- Pellagrous glove and boot — hyperpigmented plaques and fissuring of the hands and feet
Skin signs of pellagra
- Anogenital and mucosal lesions
- Glossitis — dry, red, swollen tongue; develops furrows, erosions, ulcers; later tongue becomes atrophic and smooth
- Stomatitis — tender, red, fragile gums and oral mucosa
- Cheilitis and angular cheilitis
- Genital skin — redness, erosions, maceration
- Vagina — inflamed mucosa
- Not reported in drug-induced pellagra or Hartnup disease
- Skin thickening and pigmentation
- Slow onset of hyperkeratosis and hyperpigmentation
- Bony prominences such as ankles, knees, elbows
- Not reported in drug-induced pellagra or Hartnup disease
- Sebaceous gland changes
- Sebaceous hyperplasia with yellow follicular scale
- Scalp, forehead, face, neck, nasal alae
- Early symptoms — loss of appetite, vomiting, abdominal pain
- Diarrhoea — develops in 50% of cases, watery, mucoid, or bloody, persists longer than 4 weeks
- Late manifestation
- Initial apathy and weakness
- Progresses to headache, confusion, irritability, anxiety, tremor, depression
- Dementia and encephalopathy
How do clinical features vary in differing types of skin?
The erythema of pellagra may be less obvious in skin of colour.
What are the complications of pellagra?
- Malnutrition and cachexia (wasting of the body)
- Secondary infection of the skin rashes
- Progression of the neuropsychiatric symptoms can lead to delusions, hallucinations, psychosis, and eventually coma and death
How is pellagra diagnosed?
The diagnosis of pellagra should be considered based on the clinical features in an appropriate setting. Investigations such as blood tests and skin biopsy are not diagnostic but may be used to exclude other diagnoses.
The rapid response to niacin supplementation usually confirms the diagnosis.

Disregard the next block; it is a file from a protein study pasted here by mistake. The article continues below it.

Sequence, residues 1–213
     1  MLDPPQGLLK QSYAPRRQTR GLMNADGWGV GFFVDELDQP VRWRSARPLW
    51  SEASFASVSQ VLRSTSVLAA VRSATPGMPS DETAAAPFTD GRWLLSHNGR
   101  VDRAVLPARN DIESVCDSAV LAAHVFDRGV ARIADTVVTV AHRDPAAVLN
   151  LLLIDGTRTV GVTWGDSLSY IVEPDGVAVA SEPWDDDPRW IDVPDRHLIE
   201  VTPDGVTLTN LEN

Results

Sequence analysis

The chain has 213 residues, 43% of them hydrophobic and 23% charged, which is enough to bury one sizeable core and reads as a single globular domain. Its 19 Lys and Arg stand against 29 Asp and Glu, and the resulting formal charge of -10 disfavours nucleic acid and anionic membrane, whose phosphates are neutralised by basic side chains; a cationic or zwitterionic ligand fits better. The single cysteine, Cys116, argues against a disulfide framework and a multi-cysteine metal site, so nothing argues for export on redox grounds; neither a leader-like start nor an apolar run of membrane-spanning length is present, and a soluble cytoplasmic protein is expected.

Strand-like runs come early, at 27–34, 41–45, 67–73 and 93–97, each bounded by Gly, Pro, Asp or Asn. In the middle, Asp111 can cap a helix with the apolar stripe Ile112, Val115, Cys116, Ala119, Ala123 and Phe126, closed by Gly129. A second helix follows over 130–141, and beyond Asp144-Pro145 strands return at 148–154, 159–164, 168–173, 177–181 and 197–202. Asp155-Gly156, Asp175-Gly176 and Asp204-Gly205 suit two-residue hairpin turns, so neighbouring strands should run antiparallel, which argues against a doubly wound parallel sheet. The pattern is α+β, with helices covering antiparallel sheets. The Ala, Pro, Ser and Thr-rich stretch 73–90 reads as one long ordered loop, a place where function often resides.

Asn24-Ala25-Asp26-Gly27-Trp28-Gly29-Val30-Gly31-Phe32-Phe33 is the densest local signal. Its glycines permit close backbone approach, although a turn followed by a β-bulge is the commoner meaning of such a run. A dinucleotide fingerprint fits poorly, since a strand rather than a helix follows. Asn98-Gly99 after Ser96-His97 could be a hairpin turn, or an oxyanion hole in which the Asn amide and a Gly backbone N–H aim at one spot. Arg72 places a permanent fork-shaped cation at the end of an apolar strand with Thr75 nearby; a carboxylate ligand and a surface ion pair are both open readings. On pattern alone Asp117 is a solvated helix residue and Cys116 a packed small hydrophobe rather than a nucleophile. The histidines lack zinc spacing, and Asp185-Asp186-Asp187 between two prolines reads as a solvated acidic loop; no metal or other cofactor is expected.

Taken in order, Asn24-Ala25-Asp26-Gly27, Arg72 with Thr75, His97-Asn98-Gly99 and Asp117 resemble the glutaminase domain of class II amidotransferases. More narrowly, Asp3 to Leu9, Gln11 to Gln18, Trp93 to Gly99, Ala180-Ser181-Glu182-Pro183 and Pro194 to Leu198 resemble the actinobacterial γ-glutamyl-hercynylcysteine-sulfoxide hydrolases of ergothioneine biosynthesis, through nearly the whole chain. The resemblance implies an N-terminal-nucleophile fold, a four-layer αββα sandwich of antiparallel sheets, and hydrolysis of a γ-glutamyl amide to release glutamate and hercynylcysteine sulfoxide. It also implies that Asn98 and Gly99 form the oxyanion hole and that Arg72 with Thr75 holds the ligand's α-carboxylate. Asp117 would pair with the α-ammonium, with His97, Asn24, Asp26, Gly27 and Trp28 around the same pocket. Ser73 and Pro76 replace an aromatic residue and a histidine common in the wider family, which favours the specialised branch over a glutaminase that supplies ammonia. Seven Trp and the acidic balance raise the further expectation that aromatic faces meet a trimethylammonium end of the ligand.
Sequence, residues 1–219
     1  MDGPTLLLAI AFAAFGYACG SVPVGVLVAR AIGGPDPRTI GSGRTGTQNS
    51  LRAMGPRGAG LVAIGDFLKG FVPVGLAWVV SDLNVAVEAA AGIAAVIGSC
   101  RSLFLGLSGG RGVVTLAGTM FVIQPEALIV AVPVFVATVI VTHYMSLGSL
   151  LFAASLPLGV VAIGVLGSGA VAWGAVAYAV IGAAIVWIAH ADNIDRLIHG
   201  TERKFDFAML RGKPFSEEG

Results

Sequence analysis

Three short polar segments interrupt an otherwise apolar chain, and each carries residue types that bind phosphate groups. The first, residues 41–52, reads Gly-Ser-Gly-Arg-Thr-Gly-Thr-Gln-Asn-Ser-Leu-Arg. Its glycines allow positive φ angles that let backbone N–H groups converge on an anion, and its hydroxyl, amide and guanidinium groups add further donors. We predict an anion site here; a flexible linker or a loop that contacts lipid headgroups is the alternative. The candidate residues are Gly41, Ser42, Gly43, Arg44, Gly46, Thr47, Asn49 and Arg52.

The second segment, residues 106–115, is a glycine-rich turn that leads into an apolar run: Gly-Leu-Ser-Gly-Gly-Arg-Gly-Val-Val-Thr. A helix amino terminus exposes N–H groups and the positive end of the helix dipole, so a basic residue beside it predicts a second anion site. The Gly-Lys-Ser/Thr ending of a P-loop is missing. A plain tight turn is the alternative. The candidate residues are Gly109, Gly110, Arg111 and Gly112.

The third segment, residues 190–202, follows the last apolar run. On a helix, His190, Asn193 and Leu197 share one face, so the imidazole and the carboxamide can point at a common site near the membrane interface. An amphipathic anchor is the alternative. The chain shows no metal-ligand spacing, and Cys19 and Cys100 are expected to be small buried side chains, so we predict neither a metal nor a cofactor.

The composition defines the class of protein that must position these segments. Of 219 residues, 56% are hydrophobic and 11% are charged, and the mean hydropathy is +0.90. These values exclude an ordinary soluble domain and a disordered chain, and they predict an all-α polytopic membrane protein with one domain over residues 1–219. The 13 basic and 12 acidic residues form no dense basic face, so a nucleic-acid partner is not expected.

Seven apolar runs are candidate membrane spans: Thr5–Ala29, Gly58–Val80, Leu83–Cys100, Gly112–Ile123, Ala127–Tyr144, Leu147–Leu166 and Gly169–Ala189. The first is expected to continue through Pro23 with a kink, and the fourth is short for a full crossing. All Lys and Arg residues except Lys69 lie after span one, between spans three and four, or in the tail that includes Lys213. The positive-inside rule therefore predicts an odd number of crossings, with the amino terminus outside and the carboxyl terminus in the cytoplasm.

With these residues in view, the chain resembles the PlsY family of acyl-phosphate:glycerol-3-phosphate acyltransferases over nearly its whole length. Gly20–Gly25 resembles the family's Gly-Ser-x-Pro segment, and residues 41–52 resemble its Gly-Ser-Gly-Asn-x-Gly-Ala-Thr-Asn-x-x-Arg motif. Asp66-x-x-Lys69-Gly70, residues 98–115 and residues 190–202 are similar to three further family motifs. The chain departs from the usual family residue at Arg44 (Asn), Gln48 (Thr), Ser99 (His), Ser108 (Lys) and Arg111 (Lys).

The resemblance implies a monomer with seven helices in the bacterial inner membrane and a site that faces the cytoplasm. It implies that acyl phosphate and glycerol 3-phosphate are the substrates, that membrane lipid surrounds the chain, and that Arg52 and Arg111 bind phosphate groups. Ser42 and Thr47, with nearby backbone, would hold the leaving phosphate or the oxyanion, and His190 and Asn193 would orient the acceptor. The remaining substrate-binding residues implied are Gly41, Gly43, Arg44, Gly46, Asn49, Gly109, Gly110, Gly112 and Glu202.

Hartnup disease is diagnosed on the detection of neutral amino acids in the urine.
What is the differential diagnosis for pellagra?
The differential diagnosis for the mucocutaneous clinical features of pellagra may include:
- Other causes of photosensitivity eg, lupus erythematosus, porphyrias, drug-induced photosensitivity
- Other malabsorption syndromes
- Granular parakeratosis.
What is the treatment for pellagra?
General and preventative measures
- Daily oral intake of 15-20 mg niacin prevents pellagra in all age groups.
- Niacin supplements are recommended for patients taking long-term medications known to cause pellagra such as isoniazid and ethionamide.
- Topical emollients may help relieve skin symptoms.
- Treatment of causative factors.
The WHO recommends at least 300 mg nicotinamide in an oral divided daily dose for 3–4 weeks to treat pellagra. Nicotinamide is recommended due to niacin-induced flushing. Additional dietary supplements may be required for general malnutrition and cachexia. Ongoing niacin supplements may be required.
Hartnup disease requires niacin supplements and high protein diet, as well as sun protection lifelong.
What is the outcome for pellagra?
Symptoms and signs of pellagra show significant improvement within one week of starting niacin supplements. The diarrhoea and mucosal changes are the first to improve within days. The skin changes typically resolve within two weeks. Full recovery in chronic cases may take longer.
Hartnup disease has a good prognosis with treatment and symptoms tend to improve with age.